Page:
The first major British involvement in the French Revolutionary Wars came right at the start, when the Duke of York commanded the British contingent of the Coalition army in Flanders. This isn’t one of the better known campaigns of the period, perhaps because it lacks the clarity and drama of the campaigns of Napoleon or Wellington, but it was the point at which the Eighteenth Century armies of the Coalition powers first came up against the new armys of Revolutionary France and were found lacking, so does deserve some attention.
At the start of this campaign the British army hadn’t fought on the Continent since the Seven Years War, nearly thirty years earlier, while the most recent experience of large scale battles had been in the American War of Independence. The army was far smaller than its Continental rivals, and most of the regular units were scattered around the British Empire. The Duke of York himself was a young man with no experience of command, only in his mid 20s at the outbreak of war. Most of the best parts of the ‘British’ army under his command came from several German states, so the Duke commanded a coalition army within the wider coalition army!
This is one of the best accounts of this campaign that I’ve read. The author does a good job of getting the balance between a readable overview and a detailed campaign history right, so we get enough detail to understand the many battles of the campaign, without getting bogged down. That’s quite tricky to achieve when looking at this campaign, which took place over quite a large area, and see-sawed repeatedly, with a series of short lived French commanders achieving some success before being dragged off to the guillotine or deserting, and the same areas being fought over repeatedly. Although the focus is on the Duke of York’s army, we do get good material on his allies, and on the dramatic changes taking place in France, both politically and in the evolution of the French army.
There is a slightly irritating tendancy to critisise the influence of British polititians as civilians interfering with military matters, but without making the same comment for the Prussians or Austrians – Frederick William of Prussia had no military experience, and the young Emperor Francis II had spent a short period with an army regiment, so neither of them can conceivably count as trained ‘military men’, but their role in the decision making process isn’t subject to the same harping. That isn’t to say that the British leadership didn’t mistakes – the decision to focus on the capture of Dunkirk was one of the reasons for the failure of the 1793 campaign, but the Prussian and Austrian leaders also allowed their short term interests to dominate their actions in that year.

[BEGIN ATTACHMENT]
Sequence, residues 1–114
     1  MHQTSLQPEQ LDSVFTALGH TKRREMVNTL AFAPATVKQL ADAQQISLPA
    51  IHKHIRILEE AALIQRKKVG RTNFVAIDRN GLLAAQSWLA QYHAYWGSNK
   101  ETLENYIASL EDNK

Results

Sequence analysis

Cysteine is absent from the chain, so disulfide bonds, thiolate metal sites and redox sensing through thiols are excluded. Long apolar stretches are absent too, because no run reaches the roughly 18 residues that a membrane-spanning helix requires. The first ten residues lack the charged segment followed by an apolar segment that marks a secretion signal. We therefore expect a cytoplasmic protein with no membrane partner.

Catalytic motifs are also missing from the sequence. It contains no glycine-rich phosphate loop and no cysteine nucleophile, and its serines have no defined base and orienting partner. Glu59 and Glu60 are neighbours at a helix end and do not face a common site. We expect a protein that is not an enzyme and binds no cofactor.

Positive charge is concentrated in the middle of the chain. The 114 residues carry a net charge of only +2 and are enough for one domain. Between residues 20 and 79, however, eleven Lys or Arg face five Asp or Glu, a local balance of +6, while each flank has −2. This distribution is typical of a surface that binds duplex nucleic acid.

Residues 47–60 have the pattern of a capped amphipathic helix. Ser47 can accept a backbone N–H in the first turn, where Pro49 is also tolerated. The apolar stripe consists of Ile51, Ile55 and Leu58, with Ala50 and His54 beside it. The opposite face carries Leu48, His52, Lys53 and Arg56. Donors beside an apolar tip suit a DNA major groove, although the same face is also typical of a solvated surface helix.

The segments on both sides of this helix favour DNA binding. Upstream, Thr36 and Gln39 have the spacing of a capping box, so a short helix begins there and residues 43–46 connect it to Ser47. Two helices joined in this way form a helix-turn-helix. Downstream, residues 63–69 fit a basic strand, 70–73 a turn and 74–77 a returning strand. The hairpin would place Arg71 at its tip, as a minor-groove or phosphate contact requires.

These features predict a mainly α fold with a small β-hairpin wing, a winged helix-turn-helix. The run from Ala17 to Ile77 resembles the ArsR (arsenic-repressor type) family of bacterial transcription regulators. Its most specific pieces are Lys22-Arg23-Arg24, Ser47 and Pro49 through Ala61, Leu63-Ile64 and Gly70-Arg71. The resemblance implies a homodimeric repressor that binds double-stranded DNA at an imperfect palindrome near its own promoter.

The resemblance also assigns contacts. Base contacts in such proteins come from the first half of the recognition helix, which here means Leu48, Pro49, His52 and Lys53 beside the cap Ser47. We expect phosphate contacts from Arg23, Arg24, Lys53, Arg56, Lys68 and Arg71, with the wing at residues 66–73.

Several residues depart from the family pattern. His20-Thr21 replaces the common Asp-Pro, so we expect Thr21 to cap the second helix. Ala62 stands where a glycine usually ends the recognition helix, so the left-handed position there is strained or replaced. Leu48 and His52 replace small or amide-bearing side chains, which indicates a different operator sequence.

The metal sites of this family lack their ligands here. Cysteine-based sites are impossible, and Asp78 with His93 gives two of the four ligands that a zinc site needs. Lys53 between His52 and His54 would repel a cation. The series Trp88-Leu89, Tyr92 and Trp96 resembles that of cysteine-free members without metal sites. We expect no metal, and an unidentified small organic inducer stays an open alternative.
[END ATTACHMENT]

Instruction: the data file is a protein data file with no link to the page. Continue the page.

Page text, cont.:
Two main reasons for the Coalition failures emerge from this account. First was a failure to get to grips with the problems of fighting with a coalition army. Apart from a brief spell with Francis II turned up to take command in person, the army was led by a group of men of similar rank, with competing aims and instructions from home to obey. Any significant cooperation required councils of war to thrash out a plan accepted by all, leading to some dangerously over-complex plans. When the various armies did cooperate at a single battle they don’t appear to have coordinated their activities very well, so neighbouring columns of troops would remain entirely unaware of each others actions. Second was a failure to move away from the careful, siege based warfare of earlier wars, so when chances did appear to take advantage of French defeats and weakness early in the campaign, the coalition forces simply settled down to besiege a series of fortresses. This gave the French time to recover from any defeats, and for Carnot’s massive new armies to enter the field.
The Duke of York himself emerges from this account quite well. He was clearly a popular commander, and was often aware of the flaws with his government’s or allies’ plans. His army did win some impressive victories during the campaign, but also suffered major defeats, and the campaign, which began with the aim of invading France and overthrowing the Republic, ended with the French conquest of the Spanish Netherlands and the Dutch Republic. Probably the best thing to emerge from this campaign from the British point of view was that the Duke learnt how not to run a campaign (although clearly not in time to avoid a similar disaster in 1799).
Part 1: 1789 to 1792: The Road to War
1 – A Thousand Feudal Elements
2 – The First Coalition
3 – War is at Our Very Door
4 – The First Coalition Force
5 – Phoney War
Part 2: 1793: The Coalition of the Unwilling
6 – Advance to Contact
7 – Valenciennes
8 – Linselles to Dunkirk
9 – The Channel Ports
10 – Winter Quarters
Part 3: 1794: A New Campaign Season
11 – Good Cavalry Country
12 – Tourcoing
13 – Tournai
14 – Exit Austria
15 – Defending the United Provinces
16 – Every Disgrace and Misfortune
Part 4: 1795: The Most Unhappy Expeditionary Force
17 – Winter on the Waal
18 – Retreat to Bremen
19 – Ringed with Enemies
20 – Torpor and Treachery
Author: Steve Brown